If you’re using a space heater to compensate for problems in your home, like inadequate insulation, drafty windows and exterior doors, or an inefficient heating system, space heaters are not a practical solution. Your best bet is to improve the overall efficiency of your home. If you’re on a tight budget, caulking and weather stripping around windows and exterior doors is a low-cost, easy way to save energy. Depending on the size of your home, adding insulation can be a great next step. Taking these proactive energy-saving steps rather than relying on space heaters for supplemental heat can reduce your heating and cooling bills for years to come. 

Maybe your home is energy efficient, but you’re cold-natured and want a specific room to be cozier than the rest. In this case, a space heater may work for your needs. A good comparison is ceiling fans – we use ceiling fans in the summer to cool people, not rooms. A space heater can be used in a similar way during winter months. But, use a space heater in small spaces that you’re occupying and, if possible, try to shut off other rooms to contain the warmth provided by the space heater. If you decide to use a space heater to heat a small area in your home, make sure the heater is properly sized for the space. 

A word about safety: The U.S. Consumer Product Safety Commission estimates more than 25,000 residential fires are caused by the use of space heaters every year, resulting in more than 300 deaths. If you need to use a space heater, buy a newer model that includes the most current safety features and make sure it has the Underwriter’s Laboratory (UL) label. Choose a thermostatically controlled heater to avoid energy waste and overheating and place the heater on a level surface away from foot traffic when in use.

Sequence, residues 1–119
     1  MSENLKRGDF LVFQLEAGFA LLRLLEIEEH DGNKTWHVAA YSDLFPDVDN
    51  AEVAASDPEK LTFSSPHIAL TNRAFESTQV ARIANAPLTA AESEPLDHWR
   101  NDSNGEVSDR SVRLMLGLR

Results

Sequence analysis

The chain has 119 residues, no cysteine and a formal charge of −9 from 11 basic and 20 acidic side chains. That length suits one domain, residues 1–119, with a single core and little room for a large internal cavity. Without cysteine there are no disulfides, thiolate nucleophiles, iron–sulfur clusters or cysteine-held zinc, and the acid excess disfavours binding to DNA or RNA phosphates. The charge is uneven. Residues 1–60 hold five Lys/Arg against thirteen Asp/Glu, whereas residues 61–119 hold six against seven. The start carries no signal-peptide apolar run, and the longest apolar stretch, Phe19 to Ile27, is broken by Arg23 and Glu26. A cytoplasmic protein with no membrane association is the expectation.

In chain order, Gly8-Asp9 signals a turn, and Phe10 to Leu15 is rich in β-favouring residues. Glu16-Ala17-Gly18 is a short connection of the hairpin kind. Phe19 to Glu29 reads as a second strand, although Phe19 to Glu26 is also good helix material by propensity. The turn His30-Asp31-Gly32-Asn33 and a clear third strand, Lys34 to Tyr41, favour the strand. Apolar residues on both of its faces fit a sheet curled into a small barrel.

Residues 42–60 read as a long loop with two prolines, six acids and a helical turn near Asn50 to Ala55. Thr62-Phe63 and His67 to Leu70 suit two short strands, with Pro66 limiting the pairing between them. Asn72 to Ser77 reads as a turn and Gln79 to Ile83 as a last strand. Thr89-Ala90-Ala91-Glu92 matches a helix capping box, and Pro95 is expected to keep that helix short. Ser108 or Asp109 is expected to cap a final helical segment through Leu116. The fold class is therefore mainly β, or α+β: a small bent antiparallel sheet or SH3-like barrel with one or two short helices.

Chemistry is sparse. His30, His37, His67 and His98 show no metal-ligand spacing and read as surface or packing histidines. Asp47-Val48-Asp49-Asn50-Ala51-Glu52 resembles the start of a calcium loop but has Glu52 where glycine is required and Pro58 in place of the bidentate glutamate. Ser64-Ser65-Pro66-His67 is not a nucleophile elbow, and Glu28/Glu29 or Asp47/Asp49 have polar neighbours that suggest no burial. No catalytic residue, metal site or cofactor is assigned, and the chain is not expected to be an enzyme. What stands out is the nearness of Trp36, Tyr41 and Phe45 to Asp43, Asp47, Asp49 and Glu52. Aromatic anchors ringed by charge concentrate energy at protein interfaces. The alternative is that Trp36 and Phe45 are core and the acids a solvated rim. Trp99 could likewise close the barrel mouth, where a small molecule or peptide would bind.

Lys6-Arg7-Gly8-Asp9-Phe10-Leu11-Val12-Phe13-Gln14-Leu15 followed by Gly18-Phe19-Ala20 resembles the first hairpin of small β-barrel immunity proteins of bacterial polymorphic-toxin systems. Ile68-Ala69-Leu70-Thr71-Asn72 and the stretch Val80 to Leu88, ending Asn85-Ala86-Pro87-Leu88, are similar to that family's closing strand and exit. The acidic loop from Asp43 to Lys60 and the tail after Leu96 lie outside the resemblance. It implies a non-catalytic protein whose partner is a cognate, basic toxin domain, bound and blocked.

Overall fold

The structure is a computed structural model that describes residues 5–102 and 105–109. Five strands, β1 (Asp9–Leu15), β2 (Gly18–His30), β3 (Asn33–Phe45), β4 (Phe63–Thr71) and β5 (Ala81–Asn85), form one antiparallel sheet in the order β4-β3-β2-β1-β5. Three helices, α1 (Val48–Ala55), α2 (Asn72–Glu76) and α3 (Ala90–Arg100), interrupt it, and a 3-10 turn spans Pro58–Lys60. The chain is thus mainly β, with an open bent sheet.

As an alternative, consider changing your furnace to an electric off-peak system. It’s one of the best energy values for home heating. The cost of electricity from Nodak Electric has been stable for a number of years and will remain stable this winter. With the cost of propane and natural gas rising, off-peak electric heating is an even better value today. 

In closing, this holiday season we want to say thank you to all our veterans and men and women who serve in the U.S. armed forces. It’s said that we are all warmed by fires we did not build and drink from wells we did not dig. Many of our fires and wells have been in large part provided by our servicemen and women. The freedom we live under is due to the sacrifices of these brave men and women and we can’t thank them enough. 

Giving thanks is also an important part of this holiday season and we would be remiss if we didn’t express how thankful we are for our members. Because of your connection and involvement in your electric cooperative, we are able to make our communities better places and enhance the lives of those we serve. Thank you all for what you do for Nodak Electric. 

Finally, from all of us at Nodak, we want to wish you Happy Holidays. May they be merry and bright!

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Notice To Off-peak Members

The off-peak program is designed to reduce electric load during peak demand times and pass energy savings on to participating members by controlling electric home heating and water heating equipment.